Sometimes there is virtue in necessity.
Earlier this summer, a delivery truck mistakenly backed into the "Hope College" arch that stands facing College Avenue in front of Graves Hall, damaging both the metal arch itself and the brick pillars that hold it.
After five weeks away for repair, the arch returned on Thursday, July 13, better than ever. In fact, who knew? It turns out that the letters in "Hope College" are made of brass, a quality hidden by decades of weathering and long lost to institutional memory. Cleaned and polished and now protected by a coating that should insure that they maintain their brilliance for years to come, they again shine brightly in the sun.
While away following the Tuesday, June 6, mishap, the metal arch that supports the letters was sandblasted and repainted. Repair work also included casting new cement caps to go atop the brick pillars and replacing bricks that were damaged in the accident.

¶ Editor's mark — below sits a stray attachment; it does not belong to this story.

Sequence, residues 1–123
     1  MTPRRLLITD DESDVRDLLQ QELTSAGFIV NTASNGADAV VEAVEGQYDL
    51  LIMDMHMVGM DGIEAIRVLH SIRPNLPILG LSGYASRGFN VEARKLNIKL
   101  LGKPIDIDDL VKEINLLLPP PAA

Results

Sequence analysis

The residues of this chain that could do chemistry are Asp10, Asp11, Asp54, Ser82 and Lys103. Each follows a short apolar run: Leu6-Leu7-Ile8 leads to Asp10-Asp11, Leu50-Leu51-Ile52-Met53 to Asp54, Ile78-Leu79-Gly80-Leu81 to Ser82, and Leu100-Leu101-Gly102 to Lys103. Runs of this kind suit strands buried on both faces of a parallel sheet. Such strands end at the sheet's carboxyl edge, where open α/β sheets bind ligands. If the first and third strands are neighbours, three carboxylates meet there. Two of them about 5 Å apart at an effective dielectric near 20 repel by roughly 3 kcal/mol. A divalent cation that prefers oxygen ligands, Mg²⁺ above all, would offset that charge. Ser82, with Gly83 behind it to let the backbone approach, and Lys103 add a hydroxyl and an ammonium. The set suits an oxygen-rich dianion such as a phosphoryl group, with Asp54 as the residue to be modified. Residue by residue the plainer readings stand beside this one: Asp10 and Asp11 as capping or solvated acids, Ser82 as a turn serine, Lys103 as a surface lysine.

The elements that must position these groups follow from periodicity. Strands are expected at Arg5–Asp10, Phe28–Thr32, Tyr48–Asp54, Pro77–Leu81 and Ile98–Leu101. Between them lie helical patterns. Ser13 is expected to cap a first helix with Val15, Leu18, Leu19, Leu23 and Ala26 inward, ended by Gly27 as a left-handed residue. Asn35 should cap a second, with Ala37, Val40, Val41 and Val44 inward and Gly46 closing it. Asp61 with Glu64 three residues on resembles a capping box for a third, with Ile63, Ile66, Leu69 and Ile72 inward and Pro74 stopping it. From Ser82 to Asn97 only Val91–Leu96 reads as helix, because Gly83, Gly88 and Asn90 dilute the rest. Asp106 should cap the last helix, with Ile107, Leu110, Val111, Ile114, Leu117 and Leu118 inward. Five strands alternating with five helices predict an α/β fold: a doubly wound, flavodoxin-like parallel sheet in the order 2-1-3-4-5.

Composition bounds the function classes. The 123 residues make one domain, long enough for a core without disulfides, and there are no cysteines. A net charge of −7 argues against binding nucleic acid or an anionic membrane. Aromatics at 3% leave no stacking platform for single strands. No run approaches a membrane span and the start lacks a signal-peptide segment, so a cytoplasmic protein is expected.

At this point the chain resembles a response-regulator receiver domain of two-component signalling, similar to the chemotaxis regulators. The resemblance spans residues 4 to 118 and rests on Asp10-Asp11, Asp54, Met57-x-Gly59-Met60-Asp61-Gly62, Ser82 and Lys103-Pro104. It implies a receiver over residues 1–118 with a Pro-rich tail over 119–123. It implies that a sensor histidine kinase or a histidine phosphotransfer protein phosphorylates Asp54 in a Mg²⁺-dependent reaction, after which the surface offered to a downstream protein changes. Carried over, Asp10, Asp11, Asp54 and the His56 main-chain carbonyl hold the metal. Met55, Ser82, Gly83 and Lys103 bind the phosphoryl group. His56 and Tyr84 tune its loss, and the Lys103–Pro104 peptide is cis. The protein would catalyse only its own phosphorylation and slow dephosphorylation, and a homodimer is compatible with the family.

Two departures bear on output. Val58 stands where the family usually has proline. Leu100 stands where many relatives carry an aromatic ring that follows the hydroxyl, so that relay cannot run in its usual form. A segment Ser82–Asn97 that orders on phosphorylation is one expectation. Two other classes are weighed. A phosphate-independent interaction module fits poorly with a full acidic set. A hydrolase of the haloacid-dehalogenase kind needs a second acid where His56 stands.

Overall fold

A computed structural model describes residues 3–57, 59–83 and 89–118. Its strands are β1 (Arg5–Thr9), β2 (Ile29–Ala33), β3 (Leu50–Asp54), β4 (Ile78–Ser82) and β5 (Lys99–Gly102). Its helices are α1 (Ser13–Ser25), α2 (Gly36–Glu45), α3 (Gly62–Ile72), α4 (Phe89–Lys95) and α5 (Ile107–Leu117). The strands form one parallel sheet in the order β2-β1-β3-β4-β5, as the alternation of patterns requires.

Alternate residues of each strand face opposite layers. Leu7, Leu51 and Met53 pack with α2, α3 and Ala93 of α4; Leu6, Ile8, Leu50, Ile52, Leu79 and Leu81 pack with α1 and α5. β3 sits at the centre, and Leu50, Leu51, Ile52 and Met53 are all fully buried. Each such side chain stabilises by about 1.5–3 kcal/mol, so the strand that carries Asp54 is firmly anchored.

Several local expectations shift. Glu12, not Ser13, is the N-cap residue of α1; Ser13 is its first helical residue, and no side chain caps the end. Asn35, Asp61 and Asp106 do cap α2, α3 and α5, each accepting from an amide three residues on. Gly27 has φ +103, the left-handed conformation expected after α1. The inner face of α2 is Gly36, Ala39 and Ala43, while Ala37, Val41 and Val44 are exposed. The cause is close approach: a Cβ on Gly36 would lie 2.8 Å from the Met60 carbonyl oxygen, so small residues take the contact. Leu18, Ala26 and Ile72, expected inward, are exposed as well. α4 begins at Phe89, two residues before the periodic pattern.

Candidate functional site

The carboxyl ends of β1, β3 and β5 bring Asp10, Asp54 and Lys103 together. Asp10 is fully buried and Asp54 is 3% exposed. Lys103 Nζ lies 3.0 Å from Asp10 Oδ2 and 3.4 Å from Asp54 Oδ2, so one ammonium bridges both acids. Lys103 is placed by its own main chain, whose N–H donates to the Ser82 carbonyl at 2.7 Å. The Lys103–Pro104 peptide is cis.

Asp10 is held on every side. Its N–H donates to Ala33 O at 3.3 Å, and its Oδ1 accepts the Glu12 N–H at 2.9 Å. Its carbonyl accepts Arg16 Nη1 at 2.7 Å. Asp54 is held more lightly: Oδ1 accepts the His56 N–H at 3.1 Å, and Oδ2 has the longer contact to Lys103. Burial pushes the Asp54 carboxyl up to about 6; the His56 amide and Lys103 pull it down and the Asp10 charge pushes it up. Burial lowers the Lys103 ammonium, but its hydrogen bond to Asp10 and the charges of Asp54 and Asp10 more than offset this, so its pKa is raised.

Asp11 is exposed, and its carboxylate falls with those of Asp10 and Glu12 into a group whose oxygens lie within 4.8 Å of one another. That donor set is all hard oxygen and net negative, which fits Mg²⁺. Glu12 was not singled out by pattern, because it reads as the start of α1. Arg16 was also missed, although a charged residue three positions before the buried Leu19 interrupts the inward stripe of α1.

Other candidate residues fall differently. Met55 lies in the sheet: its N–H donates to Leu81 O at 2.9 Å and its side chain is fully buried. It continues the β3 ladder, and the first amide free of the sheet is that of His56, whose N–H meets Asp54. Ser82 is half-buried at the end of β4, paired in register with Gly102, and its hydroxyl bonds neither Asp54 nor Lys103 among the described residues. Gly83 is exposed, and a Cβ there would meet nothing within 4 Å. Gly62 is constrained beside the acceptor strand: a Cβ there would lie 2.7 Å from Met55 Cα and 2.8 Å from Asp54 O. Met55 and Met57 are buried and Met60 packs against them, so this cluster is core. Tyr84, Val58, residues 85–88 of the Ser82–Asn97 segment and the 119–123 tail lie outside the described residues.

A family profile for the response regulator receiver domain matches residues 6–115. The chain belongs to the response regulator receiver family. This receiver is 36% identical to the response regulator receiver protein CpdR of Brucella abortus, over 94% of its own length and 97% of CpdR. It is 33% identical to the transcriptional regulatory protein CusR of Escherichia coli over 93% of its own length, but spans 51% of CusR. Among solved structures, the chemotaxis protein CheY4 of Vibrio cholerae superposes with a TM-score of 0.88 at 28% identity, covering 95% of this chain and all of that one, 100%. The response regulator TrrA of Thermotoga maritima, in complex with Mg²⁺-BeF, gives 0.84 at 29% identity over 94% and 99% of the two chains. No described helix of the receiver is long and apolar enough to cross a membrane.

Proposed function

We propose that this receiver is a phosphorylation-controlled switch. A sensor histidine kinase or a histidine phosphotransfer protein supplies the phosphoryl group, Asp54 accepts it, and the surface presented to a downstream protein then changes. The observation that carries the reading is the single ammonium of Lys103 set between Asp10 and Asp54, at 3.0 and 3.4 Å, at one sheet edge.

The pillars were donated by the Class of 1912 as the "front entrance" to campus in the days when Hope was largely bounded by College and Columbia avenues and 10th and 12th streets. The arch was added in 1940, given by the college's chapter of the national Blue Key honor society. Today the campus occupies some 120 acres, although not all contiguous, ranging from Central Avenue to the west past Fairbanks Avenue to the east, and from Eighth Street to the north to 15th Street to the south. Even so, the arch continues to serve as a landmark. It can't help but do so, both as a distinctive campus feature in its own right and standing as it does surrounded by historic structures like Graves, Dimnent Memorial Chapel and Voorhees Hall, and by relative newcomers like the Van Wylen Library and the A. Paul Schaap Science Center.